Multinational jet school could arrive by 2019
Europe has found itself in a difficult situation. Following the UK referendum that determined an exit from the EU, a crisis summit h=this month was held in Bratislava Federica Mogherini in an effort to put up a united front. However, the event was marred by disagreement as issues surrounding immigration and economy instead highlighted some deep divisions between member nations.
When it comes to defence and security, Angela Merkel told the press that "Europe is at a very decisive point in time. I believe that we need a clear agenda."
Francois Hollande appeared to echo this resolute sentiment, stating: "We know the challenges. We know what's at play."
Cooperation has been on the lips of all nations when it comes to defending the continent, but in particular, Eastern European states have been eager to merge their efforts under continued fiscal pressure and an obvious threat of Russian military build-up. One avenue that has been steady ground for cooperation of late has been in collaborative training, including a range of multinational exercises taking place continent wide.
In June 2015, the Czech Republic, Croatia, Hungary and Slovakia committed to a Memorandum of Understanding to cooperate in the area of shared helicopter training. Full support to the MATC project and interest to participate in future MATC activities was also declared by the United States during the signing ceremony. While the campaign in Afghanistan certainly improved elements of interoperability between European militaries, the rotary domain has long been said to have been lacking. As a result, these nations have been working towards the development of the Multinational Aviation Training Centre (MATC), as part of a ‘Smart Defence’ initiative.[inlinead]
In its earliest form, the MATC will provide comprehensive training for flying and maintenance personnel from allied and partner nations on MI-type helicopters. They will attempt to maximise the use of existing capabilities and structures while minimising overall costs. Aside to benefiting NATO operations, other international militaries should eventually see a return, such as the Afghan National Security Forces (ANSF), which receive training from European Air Advisor Teams. The key to improvement will be through standardisation – with education and training, airworthiness rules and technical and tactical benchmarks all being levelled across the playing field.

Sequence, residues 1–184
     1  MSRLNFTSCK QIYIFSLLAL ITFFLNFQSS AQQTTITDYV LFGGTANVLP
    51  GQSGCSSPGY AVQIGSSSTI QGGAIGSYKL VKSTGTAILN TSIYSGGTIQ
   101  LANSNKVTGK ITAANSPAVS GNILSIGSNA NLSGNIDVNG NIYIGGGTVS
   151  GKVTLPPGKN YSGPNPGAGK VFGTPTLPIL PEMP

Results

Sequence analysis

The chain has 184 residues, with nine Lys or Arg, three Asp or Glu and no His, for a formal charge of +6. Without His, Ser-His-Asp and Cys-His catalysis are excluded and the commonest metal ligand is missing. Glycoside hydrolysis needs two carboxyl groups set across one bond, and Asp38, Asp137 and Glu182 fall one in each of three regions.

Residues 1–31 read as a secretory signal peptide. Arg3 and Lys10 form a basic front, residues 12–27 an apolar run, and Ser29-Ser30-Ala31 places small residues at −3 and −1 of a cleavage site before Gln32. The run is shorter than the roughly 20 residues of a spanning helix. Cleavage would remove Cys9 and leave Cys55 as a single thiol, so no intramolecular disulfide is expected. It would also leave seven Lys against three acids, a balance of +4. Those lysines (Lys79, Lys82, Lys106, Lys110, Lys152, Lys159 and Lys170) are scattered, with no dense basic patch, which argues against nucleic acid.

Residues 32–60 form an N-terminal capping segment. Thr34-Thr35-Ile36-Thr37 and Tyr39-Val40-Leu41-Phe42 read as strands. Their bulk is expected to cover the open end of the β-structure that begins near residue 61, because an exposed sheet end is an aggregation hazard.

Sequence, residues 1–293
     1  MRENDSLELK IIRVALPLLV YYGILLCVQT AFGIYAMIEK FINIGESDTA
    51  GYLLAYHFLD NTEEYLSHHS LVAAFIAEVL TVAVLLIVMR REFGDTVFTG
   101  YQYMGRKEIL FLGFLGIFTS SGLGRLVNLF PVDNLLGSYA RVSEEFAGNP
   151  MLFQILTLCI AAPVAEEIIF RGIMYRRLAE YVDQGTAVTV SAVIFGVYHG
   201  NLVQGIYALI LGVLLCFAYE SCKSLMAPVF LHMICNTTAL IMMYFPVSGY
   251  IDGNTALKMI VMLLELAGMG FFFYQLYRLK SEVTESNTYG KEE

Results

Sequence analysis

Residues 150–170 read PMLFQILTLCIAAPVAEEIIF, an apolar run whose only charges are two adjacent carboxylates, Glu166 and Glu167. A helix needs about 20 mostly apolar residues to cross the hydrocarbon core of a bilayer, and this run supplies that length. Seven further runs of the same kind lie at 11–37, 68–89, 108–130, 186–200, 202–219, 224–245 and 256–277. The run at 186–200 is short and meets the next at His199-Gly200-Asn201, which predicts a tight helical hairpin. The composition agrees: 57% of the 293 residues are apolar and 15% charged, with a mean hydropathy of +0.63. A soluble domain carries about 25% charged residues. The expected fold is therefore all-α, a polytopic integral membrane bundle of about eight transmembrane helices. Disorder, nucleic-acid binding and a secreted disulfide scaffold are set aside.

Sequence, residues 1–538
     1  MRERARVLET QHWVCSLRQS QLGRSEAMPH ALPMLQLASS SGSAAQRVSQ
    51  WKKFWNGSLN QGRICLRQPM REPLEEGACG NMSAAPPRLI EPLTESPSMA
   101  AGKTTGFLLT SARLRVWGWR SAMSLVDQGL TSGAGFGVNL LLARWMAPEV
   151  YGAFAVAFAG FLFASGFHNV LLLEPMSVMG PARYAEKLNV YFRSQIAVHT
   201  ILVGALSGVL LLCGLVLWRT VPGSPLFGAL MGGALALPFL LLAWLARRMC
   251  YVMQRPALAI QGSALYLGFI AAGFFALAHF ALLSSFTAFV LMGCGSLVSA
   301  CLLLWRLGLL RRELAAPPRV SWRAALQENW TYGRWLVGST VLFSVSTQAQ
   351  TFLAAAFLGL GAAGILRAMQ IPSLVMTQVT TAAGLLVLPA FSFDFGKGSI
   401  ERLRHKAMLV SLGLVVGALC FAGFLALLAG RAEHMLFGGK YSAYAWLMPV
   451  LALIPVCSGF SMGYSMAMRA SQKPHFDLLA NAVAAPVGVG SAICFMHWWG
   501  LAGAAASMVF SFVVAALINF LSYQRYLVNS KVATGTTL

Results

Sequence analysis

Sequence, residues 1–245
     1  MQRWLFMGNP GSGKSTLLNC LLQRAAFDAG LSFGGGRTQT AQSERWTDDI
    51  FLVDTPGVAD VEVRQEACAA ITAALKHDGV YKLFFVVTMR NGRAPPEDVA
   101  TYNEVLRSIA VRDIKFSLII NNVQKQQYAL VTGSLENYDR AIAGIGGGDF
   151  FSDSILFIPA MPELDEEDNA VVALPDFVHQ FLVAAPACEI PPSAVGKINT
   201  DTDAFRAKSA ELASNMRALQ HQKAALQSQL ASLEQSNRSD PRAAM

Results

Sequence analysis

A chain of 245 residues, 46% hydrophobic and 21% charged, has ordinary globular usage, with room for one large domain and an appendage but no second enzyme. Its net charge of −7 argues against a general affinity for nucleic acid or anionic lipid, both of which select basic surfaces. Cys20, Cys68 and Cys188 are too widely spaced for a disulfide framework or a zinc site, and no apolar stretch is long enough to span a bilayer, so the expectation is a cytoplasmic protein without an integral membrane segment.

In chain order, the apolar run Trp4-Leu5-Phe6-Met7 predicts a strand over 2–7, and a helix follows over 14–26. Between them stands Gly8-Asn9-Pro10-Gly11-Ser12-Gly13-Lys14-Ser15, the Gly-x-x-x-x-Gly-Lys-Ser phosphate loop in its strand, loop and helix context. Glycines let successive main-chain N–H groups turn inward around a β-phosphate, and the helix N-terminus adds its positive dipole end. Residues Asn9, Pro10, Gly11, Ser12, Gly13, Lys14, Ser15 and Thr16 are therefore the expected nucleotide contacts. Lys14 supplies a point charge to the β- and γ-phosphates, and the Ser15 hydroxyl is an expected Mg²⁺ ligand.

“To be efficient, European forces need to be interoperable and this is obtained through common training,” explains Laurent Donnet, European Defence Agency Project Manager. “Hence, the latter is one of those areas into which European nations should put effort. Looking at air forces, cooperative training can and should become the rule from the start. You don’t even have to be flying the same aircraft. Although when you do, a much deeper level of interoperability can be reached and operational effectiveness will be substantially increased.
“An extremely valuable outcome has been reached for the countries involved in the MATC. To be noted is that the MoU stipulates that it could be enlarged to jet pilot training, which is exactly what these nations need in the short term.”
Some may remember earlier efforts to create a jet ‘Eurotraining’ initiative in recent years. Known as the Advanced European Jet Pilot Training System (AEJPT), the project aimed to develop a common Integrated Training System (ITS) to train future pilots with at least 12 nations operating the same trainer aircraft and supporting infrastructure and training syllabus. AEJPT was in development for around a decade, with the Italian Alenia-Aermacchi (now Leonardo-Finmeccanica) M-346 shaping up to fill the jet role. However, things appeared to fall apart in 2012, with the project folding and those nations involved left to fend for their own training futures.
“European jet pilot training is indeed again on EDA’s potential project list, but not exactly in the same framework as the AEJPT,” Donnet tells Defence IQ. “Today the approach is much more regional and it looks like that the MATC nations will launch a concrete project shortly. The MoU provides a legal framework and discussions are ongoing with the EDA to create a jet pilot school in 2019 in the Czech Republic. There should definitely be opportunities for industry since the solution will probably be an outsourced one.”
Such a development could add some much-needed improvements to the sense of a unified Europe, aside to streamlining costs and enhancing skills in tomorrow’s operational environment, which would undoubtedly be one of a coalition nature.
To elaborate on this effort and to drive forth progress, Donnet will be chairing the Military Flight Training Eastern Europe conference in Bulgaria this November, which will receive briefs from air and training officers from the Czech Republic, Poland, Slovenia and Georgia, to name a few.
“Air forces need to train the way they operate,” says Donnet. “Hence, it is important that nations requiring jet pilot training know what is available, especially now that several European nations are looking for a European solution. And since most of them need to graduate only few pilots a year, they need to cooperate with other air forces.
“Looking at former projects, regional approaches have more chances for success and this is why having dedicated conferences in specific European regions is so important. Knowing some of the requirements in the region, I expect that people will step out of this Military Flight Training conference with a better view on robust options available for their jet pilot training.
Main image courtesy of MATC.